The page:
An elderly man died of his injuries after an altercation at dueling rallies over the Israel-Hamas conflict in Southern California on Sunday, and authorities said they have not ruled it out as a hate crime.
The Ventura County Sheriff’s Office identified the man as 69-year-old Paul Kessler. The Jewish Federation of Greater Los Angeles described him as “an elderly Jewish man” and claimed he was struck in the head by a pro-Palestinian demonstrator with a megaphone.
The sheriff’s office said the incident happened at around 3:20 p.m. at the intersection of Westlake and Thousand Oaks Boulevards in Thousand Oaks, which is west of Los Angeles. There were 75 to 100 people demonstrating at the location at that time.
Deputies found Kessler bleeding from his head and mouth when they arrived at the scene. Witnesses said he had been in a physical altercation with counterprotesters and fell backward and struck his head on the ground.
"We want to be as transparent as possible but understand this is an active investigation," said Capt. Dean Worthy with the Ventura County Sheriff's Office.
The sheriff’s office said Kessler was transported to a local hospital for treatment but succumbed to his injuries the next day.
The Ventura County Medical Examiner’s Office has ruled his death a homicide by blunt force head injury and said Kessler also suffered a nonfatal injury to the side of the face, possibly from a blow of some kind, but there's no video evidence yet to support that conclusion.
During a news conference Tuesday morning, authorities said a 50-year-old suspect was identified at the scene and was "willingly interviewed by deputies." The suspect was one of the people at the scene who called 911 requesting medical attention for Kessler, Ventura County Sheriff Jim Fryhoff said.
According to Fryhoff, deputies got conflicting statements from witnesses at the scene about who the aggressor in the altercation was and what exactly happened before Kessler fell to the ground.
"It's clear that there was interaction between the two but we don't know what. That's why we're asking for videos," said Fryhoff.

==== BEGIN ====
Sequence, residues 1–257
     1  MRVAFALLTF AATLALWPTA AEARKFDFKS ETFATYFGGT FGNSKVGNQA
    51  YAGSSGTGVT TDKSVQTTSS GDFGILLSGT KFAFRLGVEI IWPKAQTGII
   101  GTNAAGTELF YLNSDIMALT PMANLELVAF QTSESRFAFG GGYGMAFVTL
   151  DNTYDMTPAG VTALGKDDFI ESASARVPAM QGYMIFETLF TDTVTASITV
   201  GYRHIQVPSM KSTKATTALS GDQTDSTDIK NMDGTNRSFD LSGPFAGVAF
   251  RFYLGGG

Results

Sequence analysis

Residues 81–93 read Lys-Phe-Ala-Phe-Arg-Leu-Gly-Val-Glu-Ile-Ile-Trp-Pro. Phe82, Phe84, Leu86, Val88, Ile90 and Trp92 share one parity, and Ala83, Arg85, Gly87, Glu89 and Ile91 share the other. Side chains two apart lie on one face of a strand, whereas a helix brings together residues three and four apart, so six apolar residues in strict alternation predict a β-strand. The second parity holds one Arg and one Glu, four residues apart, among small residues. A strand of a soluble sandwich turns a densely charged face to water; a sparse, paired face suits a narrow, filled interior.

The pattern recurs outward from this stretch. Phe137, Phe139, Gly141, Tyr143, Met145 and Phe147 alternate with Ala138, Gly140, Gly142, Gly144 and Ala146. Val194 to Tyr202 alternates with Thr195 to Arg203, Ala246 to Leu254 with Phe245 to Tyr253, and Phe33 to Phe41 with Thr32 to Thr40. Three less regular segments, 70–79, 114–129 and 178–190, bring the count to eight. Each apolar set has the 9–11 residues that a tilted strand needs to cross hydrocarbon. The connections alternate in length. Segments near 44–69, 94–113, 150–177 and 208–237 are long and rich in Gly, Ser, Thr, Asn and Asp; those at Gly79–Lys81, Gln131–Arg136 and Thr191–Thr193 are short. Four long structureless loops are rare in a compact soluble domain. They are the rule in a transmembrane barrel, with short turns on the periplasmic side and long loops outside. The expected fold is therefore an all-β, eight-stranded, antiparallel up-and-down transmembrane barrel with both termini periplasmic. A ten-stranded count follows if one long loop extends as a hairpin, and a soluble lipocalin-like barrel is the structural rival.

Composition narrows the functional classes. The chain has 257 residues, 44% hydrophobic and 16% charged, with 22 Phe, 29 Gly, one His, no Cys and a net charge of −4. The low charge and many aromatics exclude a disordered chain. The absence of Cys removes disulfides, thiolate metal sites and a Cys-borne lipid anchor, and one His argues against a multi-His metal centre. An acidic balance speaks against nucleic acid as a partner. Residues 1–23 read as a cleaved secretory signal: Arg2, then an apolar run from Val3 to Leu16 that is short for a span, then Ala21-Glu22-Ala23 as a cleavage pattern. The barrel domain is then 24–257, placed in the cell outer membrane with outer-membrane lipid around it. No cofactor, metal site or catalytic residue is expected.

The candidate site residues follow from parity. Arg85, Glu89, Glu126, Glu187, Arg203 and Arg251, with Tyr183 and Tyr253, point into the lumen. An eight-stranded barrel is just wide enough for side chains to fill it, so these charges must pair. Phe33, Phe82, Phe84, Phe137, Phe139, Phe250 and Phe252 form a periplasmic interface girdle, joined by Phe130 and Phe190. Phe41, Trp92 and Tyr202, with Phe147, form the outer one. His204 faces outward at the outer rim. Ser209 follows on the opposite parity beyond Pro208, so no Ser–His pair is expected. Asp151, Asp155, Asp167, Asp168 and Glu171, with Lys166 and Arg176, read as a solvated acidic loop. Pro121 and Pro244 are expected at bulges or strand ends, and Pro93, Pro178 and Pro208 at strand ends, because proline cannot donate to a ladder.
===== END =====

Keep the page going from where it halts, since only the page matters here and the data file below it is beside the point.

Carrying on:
Monday afternoon, authorities obtained a search warrant for the suspect's residence and detained him in a traffic stop before releasing him again once the search of his home was completed, Fryhoff said.
Deputies said they are actively investigating the man's death as a homicide.
"Violence against our people has no place in civilized society," the Jewish Federation said in a statement on its social media. "We demand safety. We will not tolerate violence against our community. We will do everything in our power to prevent it."
The Greater Los Angeles area office of the Council on American-Islamic Relations (CAIR-LA) denounced the alleged attack and expressed their support for the Jewish community in a statement on their website Tuesday.
“We are deeply saddened by this tragic and shocking loss,” CAIR-LA said. “While we strongly support the right of political debate, CAIR-LA and the Muslim community stand with the Jewish community in rejecting any and all violence, antisemitism, Islamophobia, or incitement of hatred.”
Currently there's a makeshift memorial to Kessler at the intersection where the incident occurred.
Meanwhile, law enforcement is stepping up security at area mosques and synagogues while asking for patience from the community.
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